Sunday, April 10, 2011
The first part of today's Sunday reading has more of a senior citizen theme than a real estate theme. Warning: none of these articles will leave you feeling particularly cheerful. Sorry. The first article, from yesterday's L.A. Times and by Rosemary McClure, is titled Elderly and Facing Eviction. The title above should link; if not, click here. Here's a quote: "
's foreclosure crisis has severely impacted some of the most vulnerable tenants in our state — seniors who live in residential-care facilities,...These residents had no warning that they were about to lose their homes, and their families and caretakers were left in a panic to find immediate emergency housing." My late father was in assisted living and then a board-and-care home as he became progressively more feeble, and I find this article really scary. It's another example of the social wreckage that foreclosures can bring, and I've wondered how long it would be before the national media began reporting on this element. California
The second piece is more senior-related than real-estate related, and is yesterday's Tim Rutten column from the L.A. Times. Its subheading is Ryan’s budget blueprint would push the aged into poverty. Quote:"The nonpartisan Congressional Budget Office has outlined what adoption of this proposal to supplant Medicare with vouchers and private insurance exchanges would mean. The overall cost of healthcare would go up, and retirees' out-of-pocket medical expenses would double — an increase that would push tens of millions of people living on fixed incomes over the financial brink." There was a lot of talk this past week about the new budget plan and its war on women; what about its war on seniors? When did we get like this?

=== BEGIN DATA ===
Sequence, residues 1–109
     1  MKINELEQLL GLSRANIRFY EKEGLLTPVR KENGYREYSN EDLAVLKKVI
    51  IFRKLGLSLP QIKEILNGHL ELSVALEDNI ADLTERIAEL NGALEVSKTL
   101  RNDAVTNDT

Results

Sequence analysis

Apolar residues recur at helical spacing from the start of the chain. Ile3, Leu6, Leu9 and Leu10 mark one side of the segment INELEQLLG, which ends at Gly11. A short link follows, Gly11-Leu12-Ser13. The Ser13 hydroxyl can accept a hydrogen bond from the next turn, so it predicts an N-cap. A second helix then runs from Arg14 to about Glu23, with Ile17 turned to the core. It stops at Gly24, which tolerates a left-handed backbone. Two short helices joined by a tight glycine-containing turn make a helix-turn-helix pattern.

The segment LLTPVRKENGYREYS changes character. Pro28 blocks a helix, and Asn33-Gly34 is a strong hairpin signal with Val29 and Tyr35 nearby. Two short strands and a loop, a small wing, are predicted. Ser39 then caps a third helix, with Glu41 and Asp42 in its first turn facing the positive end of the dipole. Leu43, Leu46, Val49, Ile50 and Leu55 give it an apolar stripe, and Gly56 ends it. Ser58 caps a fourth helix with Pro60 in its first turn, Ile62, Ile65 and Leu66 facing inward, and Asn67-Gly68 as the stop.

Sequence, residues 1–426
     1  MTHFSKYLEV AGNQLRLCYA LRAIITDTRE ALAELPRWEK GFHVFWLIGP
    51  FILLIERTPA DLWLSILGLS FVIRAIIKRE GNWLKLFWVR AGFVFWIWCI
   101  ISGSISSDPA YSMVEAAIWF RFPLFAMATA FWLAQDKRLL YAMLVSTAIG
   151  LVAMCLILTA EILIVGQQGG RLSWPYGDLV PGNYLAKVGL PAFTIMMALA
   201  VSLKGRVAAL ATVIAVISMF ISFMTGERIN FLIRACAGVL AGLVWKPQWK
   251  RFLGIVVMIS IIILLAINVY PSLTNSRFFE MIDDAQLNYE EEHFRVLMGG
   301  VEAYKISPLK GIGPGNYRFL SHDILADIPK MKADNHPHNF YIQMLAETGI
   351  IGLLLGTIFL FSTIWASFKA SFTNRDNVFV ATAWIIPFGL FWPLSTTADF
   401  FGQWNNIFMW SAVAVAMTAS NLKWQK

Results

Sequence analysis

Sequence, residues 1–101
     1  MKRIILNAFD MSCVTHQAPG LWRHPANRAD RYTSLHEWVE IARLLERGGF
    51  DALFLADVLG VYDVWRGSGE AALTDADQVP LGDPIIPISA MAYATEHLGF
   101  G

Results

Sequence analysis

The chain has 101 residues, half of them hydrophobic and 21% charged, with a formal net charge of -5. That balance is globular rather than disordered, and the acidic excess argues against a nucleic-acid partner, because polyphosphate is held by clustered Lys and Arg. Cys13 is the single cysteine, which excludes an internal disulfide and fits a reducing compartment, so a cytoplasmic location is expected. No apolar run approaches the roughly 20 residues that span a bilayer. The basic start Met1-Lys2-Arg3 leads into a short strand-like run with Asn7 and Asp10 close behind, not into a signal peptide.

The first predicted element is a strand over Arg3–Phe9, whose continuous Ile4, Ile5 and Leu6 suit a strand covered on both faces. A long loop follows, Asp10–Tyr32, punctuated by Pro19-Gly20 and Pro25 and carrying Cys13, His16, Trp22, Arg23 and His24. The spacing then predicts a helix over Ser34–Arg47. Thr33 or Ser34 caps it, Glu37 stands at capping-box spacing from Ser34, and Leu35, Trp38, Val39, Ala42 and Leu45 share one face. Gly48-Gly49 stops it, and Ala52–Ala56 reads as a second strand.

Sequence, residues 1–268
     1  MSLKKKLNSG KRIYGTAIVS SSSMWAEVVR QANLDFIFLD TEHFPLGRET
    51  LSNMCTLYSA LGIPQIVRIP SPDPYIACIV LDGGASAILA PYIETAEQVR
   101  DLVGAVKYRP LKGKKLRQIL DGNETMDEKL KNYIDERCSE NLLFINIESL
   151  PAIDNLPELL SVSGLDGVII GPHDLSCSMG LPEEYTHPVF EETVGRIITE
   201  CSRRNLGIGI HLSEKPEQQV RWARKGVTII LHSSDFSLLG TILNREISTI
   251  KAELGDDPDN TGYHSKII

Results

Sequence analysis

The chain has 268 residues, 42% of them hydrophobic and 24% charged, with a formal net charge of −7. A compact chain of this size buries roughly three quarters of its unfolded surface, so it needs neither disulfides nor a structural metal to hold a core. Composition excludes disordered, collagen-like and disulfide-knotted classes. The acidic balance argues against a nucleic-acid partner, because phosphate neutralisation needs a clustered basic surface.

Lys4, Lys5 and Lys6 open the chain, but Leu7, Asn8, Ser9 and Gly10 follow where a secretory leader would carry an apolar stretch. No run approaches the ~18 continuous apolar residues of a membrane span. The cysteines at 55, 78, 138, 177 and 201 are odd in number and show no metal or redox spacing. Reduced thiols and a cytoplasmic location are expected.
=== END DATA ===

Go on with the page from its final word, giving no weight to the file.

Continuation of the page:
And finally, you'll need to have a strong stomach for the proposed new mortgage rules. Here's an LAT article from today's edition titled Changes in mortgage finance rules could hurt recovery. Quote: "...the Center for Responsible Lending...argues that if adopted in its current form, the proposal would make it much tougher for modest-income and minority consumers to afford a first home." IMO, it wouldn't make it tougher, it would kill it. Hopefully there will be some middle ground in the new regulations.